Trim: 6⅜ x 9¼
978-1-4985-7608-6 • Hardback • November 2018 • $100.00 • (£77.00)
978-1-4985-7609-3 • eBook • November 2018 • $95.00 • (£73.00)
William W. Young III is professor of religion and philosophy at Endicott College.
Part I: Regimes of Religious Listening
Chapter 1: Heavenly Sounds in the Earthly City: Music and Religious Regimes of Listening
Chapter 2: Listening in the Spirit: Practices of Communal Formation
Part II: Religious Listening and the Pursuit of Democracy
Chapter 3: The Paradoxes of Religious and Democratic Virtue
Chapter 4: Hearing the Cry: Listening and Civic Engagement
Chapter 5: Defiant Obedience: Rethinking the Acoustics of Boston’s Religious Life
Chapter 6: Religion, Listening, and the Acoustics of Democracy
This ethnographic study of several Christian and Jewish congregations in contemporary Boston is informed by an extensive interdisciplinary consideration of religious and political theory, philosophy, and ethnomusicology. Young (Endicott College) offers a central thesis arguing that religious institutions foster distinctive habits of listening, where believers serve as “God’s ears” and individually and collectively adopt a divinely inspired response to the world. Religion instills virtues (hospitality, patience, humility, steadfastness) that resonate with democratic virtues to motivate the faithful to build community, engage neighbors, and promote social justice. Young anatomizes the dimensions and typologies of religious listening, religious and democratic virtues, the organizational structure of congregations and the relationship to democratic action, the varieties of musical listening, the forms of religious listening in prayer and liturgy, and the dialectic of obedient versus autonomous listening. The example of a small group of Quakers who gather weekly for silent prayer and a peace witness at the gates of a suburban defense contractor provides a powerful account of the “obedience to the truth”—an improvisational listening that moves these Friends to religiously inspired, democratic action. Young has created an indispensable guide for the study of religious listening and democracy.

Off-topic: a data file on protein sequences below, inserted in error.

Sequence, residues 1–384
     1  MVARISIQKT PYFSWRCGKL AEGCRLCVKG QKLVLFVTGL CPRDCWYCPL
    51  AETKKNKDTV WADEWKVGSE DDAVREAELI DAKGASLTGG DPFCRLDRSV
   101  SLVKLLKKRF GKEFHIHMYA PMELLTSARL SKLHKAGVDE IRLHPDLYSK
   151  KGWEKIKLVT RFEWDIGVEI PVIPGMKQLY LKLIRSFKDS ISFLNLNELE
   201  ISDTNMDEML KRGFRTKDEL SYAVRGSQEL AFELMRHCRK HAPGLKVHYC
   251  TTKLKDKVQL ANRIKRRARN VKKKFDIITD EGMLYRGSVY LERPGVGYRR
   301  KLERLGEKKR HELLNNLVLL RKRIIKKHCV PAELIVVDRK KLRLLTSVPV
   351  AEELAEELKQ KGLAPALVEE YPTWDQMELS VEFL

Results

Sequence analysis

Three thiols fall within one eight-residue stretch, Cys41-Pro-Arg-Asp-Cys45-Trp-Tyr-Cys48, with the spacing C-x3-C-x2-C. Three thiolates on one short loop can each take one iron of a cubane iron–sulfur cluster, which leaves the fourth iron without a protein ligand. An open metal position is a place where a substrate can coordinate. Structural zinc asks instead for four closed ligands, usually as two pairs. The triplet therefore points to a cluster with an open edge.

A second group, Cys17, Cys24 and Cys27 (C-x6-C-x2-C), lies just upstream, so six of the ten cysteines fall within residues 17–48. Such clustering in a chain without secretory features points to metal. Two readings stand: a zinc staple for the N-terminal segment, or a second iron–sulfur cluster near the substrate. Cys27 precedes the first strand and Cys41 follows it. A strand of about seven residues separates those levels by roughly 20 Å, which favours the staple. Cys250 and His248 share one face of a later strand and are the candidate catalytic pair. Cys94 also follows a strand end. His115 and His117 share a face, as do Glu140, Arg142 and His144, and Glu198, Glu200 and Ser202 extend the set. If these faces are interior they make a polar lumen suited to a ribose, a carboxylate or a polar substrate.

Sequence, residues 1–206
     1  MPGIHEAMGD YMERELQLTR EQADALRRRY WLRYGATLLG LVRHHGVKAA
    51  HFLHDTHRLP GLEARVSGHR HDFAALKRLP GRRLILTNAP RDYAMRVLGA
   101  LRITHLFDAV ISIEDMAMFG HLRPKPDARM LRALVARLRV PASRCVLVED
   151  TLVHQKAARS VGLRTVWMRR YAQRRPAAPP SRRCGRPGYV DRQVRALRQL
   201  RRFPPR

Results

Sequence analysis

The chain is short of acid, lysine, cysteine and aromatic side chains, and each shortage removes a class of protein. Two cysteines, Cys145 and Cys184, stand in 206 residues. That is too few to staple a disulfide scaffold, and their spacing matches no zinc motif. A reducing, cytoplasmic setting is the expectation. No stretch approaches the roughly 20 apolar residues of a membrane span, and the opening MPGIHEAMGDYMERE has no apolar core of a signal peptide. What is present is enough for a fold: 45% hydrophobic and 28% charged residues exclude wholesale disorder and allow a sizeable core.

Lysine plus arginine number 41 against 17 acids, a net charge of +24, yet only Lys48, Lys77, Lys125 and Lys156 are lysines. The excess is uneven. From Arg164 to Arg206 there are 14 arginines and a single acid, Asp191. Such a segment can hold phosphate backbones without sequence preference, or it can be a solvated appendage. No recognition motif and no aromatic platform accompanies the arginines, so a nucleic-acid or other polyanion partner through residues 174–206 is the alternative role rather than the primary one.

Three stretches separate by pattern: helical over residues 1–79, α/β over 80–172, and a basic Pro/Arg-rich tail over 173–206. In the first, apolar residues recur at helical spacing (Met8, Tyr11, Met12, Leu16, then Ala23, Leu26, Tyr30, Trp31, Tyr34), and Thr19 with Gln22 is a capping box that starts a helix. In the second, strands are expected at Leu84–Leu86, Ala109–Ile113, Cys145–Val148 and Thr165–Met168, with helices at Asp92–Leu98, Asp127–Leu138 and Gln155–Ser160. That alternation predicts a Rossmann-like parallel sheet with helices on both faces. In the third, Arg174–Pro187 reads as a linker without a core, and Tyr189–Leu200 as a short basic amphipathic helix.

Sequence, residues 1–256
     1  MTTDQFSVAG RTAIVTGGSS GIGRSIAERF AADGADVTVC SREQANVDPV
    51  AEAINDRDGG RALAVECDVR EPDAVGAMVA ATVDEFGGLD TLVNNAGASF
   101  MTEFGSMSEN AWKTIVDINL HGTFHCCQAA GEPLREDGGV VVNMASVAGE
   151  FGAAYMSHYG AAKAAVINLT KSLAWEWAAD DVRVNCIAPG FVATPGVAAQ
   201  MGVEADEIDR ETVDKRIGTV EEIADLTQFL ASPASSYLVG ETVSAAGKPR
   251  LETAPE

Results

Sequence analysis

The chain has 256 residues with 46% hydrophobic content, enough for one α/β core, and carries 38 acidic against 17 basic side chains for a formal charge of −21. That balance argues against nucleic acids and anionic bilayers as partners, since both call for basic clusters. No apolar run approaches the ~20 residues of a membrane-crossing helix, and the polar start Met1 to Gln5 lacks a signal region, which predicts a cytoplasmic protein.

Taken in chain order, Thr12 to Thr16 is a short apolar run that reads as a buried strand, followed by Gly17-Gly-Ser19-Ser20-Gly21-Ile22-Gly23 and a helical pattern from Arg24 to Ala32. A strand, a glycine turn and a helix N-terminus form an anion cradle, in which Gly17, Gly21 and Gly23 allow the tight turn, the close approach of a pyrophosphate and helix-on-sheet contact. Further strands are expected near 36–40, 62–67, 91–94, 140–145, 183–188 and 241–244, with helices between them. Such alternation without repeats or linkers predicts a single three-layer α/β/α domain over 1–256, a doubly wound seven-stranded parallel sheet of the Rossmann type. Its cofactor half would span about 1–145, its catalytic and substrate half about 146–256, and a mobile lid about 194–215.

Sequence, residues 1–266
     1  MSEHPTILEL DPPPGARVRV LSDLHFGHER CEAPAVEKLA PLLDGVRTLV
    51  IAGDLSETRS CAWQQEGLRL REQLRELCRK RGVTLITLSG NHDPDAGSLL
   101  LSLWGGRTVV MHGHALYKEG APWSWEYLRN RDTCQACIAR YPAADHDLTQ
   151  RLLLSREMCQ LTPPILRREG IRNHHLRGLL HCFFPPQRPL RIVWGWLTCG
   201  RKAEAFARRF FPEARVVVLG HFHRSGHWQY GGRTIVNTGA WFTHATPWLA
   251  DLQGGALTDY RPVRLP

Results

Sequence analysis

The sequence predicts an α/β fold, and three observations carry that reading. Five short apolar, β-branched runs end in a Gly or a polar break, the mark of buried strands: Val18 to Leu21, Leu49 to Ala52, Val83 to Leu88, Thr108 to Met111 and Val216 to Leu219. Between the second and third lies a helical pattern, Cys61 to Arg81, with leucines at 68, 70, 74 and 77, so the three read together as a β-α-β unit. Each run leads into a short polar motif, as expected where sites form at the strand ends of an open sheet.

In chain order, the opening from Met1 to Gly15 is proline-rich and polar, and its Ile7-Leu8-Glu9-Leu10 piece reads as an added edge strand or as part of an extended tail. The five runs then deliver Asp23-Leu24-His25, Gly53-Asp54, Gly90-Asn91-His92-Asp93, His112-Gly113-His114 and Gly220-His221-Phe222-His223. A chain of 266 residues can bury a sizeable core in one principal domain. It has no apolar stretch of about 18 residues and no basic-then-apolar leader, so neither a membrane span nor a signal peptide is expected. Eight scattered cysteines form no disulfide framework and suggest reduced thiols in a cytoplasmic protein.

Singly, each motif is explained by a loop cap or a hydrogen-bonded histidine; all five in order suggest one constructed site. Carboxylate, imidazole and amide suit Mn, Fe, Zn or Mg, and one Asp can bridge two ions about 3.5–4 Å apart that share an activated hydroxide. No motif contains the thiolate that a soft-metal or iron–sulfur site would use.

Summing Up: Essential. Upper-division undergraduates through faculty.
— Choice Reviews
Many theologians talk about talking; in this highly original and important study, Willie Young listens to listening. Drawing on a wealth of ethnographic data and with a deftness of theological and philosophical touch, he explores how people in faith communities learn to listen, how their listening can make a difference to civic life as they listen to their neighbours—and what it means to listen with “God’s ears” in a contemporary city. His work produces exciting new resonances—not only in philosophical, political and theological accounts of listening, but also in wider discussions of how faith is embodied within the democratic body politic.
— Rachel Muers, University of Leeds
Young persuasively and successfully interweaves wisdom from American Transcendentalism, Christian ethics, and Jewish philosophy in ways that will surprise most readers. More importantly, Young demonstrates how music forms citizens to attune themselves toward both the neighbor and the stranger. This book is necessary reading for any scholar interested in civic engagement, radical democracy, and religious ethics.
— Jacob L. Goodson, Southwestern College
• Winner, CHOICE Outstanding Academic Title (2019)